'The Lark Ascending’

Author: 
Jeremy Dibble
CHAN10796. MOERAN Violin Concerto. Tasmin Little

'The Lark Ascending’

  • Concerto for Violin and Orchestra
  • Légende
  • (A) Song of the Night
  • Chanson de nuit
  • Chanson de matin
  • Salut d'amour, 'Liebesgrüss'
  • (The) Lark ascending

On this recording, Tasmin Little, an acknowledged standard-bearer for, and specialist in, British music, gives us a feast of works for violin and orchestra, wonderfully supported by Andrew Davis (by all accounts a similar specialist by dint of his recent superb recordings of Elgar, Delius and Holst on Chandos) and the BBC Philharmonic. Little is already known for her many concert performances of The Lark Ascending, an outstandingly original work based ultimately on recurrent cadenzas (which are brilliantly controlled here). She is also well known for her insightful readings of the Delius concertos and sonatas. The somewhat Griegian Légende, albeit an early work written in Paris in 1892, deserves to be better known, for it bears all the hallmarks of Delius’s passionate love of surprising modulations and euphonious melody. Elgar’s miniatures Chanson de matin, Chanson de nuit and the earlier salon hit Salut d’amour are delicious, while Holst’s Song of the Night, not heard until 1984, reveals the unusual incipient chemistry of the composer’s transition from late-19th-century Romanticism to the mysticism of later works such as The Planets.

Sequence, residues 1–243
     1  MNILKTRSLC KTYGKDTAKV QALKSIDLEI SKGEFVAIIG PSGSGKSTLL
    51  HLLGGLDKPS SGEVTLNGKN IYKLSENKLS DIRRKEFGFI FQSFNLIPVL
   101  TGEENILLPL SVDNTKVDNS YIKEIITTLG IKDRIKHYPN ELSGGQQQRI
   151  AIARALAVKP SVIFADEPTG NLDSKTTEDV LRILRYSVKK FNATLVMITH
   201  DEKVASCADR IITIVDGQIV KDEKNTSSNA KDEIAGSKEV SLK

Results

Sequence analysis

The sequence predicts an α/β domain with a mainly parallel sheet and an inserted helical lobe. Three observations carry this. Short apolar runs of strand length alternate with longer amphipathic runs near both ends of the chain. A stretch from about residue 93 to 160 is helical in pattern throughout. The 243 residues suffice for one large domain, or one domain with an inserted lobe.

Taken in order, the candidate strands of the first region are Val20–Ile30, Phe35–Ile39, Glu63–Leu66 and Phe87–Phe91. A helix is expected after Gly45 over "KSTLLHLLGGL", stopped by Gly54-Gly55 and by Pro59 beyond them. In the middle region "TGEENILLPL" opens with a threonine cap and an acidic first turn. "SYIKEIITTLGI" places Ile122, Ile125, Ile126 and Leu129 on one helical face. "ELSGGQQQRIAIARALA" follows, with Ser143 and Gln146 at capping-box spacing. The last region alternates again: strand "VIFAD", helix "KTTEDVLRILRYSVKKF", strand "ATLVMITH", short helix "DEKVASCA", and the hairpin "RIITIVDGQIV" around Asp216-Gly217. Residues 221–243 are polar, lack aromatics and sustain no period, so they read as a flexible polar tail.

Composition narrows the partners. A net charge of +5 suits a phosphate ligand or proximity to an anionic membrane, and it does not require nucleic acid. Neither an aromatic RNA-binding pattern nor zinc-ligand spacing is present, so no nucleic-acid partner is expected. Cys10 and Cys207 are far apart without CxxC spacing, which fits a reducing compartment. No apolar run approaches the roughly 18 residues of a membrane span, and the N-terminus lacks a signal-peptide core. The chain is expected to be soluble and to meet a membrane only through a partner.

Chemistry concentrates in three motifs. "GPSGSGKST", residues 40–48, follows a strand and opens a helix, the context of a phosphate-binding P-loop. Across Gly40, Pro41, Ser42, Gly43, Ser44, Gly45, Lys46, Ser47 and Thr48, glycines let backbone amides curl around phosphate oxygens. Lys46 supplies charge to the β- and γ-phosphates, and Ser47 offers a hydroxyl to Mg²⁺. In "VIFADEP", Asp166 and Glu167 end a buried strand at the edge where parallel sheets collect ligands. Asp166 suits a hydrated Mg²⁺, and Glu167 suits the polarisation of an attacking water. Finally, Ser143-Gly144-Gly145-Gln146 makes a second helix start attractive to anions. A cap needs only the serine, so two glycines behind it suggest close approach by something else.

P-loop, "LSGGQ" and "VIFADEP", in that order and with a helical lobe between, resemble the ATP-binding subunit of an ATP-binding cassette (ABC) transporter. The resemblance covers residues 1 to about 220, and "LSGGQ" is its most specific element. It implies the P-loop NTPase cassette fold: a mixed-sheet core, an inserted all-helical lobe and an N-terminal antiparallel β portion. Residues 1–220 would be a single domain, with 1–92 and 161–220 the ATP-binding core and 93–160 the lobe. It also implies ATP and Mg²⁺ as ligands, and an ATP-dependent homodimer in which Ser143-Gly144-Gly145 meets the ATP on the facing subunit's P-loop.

Little plays it with verve and panache but her most wide-ranging interpretation is reserved for the most substantial work on this disc, Moeran’s magnificent and entirely personal Violin Concerto, written between 1937 and 1942. This work, somewhat scandalously in my view, still remains a neglected masterpiece. Two movements of introspective melancholy lyricism (and what lyricism!), underpinned by Moeran’s particular assimilation of Delian harmony, flank a central Irish jig of tremendous energy, evoked with conviction by Little’s flair and clarity. Indeed, the quicker tempo of this movement (compared with Handley’s earlier recording on Chandos) is particularly thrilling. A sumptuous offering all round!

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